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District court finds Commission failed to conform to default judgment in CLC v. FEC (20-809) – FEC.gov

On April 21, 2022, the United States District Court for the District of Columbia (the court) found that the Commission failed to comply with the court’s order to act on an administrative complaint filed by Campaign Legal Center (the plaintiff). As a result, the plaintiff may file suit to enforce the Federal Election Campaign Act (the Act) against the alleged violator.

Background

On March 24, 2020, the plaintiff filed suit alleging that the Commission had failed to act on its August 21, 2018, administrative complaint against 45Committee, Inc. On November 8, 2021, the court found that the Commission’s failure to act on the plaintiff’s administrative complaint was contrary to law and ordered the Commission to act on the complaint within 30 days. The plaintiff filed a motion on December 9, 2021, seeking an order declaring that the Commission had failed to comply with the court’s order. On January 4, 2022, the court granted leave for 45Committee, Inc., to file an amicus brief.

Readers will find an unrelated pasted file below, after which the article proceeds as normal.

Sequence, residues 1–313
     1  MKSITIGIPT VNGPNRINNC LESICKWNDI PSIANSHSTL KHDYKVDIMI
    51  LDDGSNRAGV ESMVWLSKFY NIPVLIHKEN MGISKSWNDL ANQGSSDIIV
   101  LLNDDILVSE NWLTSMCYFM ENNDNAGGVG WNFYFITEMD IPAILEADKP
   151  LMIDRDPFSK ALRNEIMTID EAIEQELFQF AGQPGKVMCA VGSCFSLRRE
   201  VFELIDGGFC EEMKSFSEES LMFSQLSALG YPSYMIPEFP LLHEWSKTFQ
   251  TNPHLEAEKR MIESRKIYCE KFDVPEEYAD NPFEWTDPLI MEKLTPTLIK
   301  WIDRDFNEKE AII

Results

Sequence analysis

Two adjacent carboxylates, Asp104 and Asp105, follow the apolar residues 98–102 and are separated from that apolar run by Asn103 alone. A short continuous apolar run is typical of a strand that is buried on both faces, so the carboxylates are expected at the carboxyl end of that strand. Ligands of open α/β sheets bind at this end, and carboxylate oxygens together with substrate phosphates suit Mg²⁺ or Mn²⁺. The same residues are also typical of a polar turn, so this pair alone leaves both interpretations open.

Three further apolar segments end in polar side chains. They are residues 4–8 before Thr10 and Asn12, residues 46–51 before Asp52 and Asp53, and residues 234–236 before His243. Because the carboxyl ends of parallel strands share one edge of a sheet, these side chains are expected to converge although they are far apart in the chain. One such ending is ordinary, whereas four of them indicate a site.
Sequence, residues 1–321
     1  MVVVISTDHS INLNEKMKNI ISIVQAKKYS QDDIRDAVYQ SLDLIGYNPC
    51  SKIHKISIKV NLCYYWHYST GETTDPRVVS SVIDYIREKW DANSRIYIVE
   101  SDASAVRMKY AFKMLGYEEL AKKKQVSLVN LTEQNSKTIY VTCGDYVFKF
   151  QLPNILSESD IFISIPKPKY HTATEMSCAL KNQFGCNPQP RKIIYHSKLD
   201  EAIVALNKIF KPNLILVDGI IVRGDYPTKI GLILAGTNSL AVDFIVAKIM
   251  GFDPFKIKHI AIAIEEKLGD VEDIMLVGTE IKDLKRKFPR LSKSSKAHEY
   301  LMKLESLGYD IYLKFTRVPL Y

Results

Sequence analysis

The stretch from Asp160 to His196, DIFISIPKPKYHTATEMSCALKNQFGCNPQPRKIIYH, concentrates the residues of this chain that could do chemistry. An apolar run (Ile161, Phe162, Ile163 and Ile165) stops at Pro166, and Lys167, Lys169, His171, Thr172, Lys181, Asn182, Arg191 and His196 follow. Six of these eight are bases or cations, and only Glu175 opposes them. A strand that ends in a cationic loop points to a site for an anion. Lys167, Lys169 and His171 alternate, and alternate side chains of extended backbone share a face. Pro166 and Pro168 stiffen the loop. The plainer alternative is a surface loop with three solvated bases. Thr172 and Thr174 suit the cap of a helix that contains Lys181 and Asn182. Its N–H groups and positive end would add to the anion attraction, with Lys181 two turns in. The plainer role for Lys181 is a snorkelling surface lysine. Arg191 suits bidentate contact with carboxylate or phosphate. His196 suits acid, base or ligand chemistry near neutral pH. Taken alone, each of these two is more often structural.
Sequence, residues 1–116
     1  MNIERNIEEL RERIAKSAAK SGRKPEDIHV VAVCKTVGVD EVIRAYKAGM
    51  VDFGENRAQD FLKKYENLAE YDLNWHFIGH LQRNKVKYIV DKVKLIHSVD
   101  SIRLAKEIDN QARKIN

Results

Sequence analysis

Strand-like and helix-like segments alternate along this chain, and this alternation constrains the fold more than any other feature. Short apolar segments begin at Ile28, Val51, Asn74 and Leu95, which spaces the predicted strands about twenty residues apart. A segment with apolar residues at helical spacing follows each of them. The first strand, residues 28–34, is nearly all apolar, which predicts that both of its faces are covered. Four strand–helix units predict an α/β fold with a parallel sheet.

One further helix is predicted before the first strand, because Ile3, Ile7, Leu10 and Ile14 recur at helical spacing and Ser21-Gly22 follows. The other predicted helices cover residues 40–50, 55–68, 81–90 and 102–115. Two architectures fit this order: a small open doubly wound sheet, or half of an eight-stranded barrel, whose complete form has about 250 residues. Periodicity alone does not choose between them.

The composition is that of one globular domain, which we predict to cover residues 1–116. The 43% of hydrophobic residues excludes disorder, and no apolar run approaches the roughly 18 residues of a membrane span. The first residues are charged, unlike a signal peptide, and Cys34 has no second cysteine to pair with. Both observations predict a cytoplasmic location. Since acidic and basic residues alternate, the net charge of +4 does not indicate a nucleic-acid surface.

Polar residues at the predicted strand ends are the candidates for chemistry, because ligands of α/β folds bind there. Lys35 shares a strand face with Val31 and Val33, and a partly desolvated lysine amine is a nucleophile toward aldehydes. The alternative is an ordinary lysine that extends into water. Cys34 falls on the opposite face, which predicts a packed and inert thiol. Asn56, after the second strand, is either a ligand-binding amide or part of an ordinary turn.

Analysis

45Committee, Inc. argued in its amicus brief that documents obtained from the Commission through a Freedom of Information Act (FOIA) request show that the Commission “reviewed, considered, and took action” on the administrative complaint nearly two years ago. However, the court found that the documents provide no such evidence. The court determined that the Commission did not comply with its November 8, 2021, order within the time specified, and granted the plaintiff’s motion. Under the Act, complainants may file suit to enforce the Act when the court declares that the Commission’s dismissal or failure to act on an administrative complaint is contrary to law and the Commission fails to correct the illegality. As a result, the court ordered that the plaintiff may bring a civil action to enforce the Act against 45Committee, Inc.

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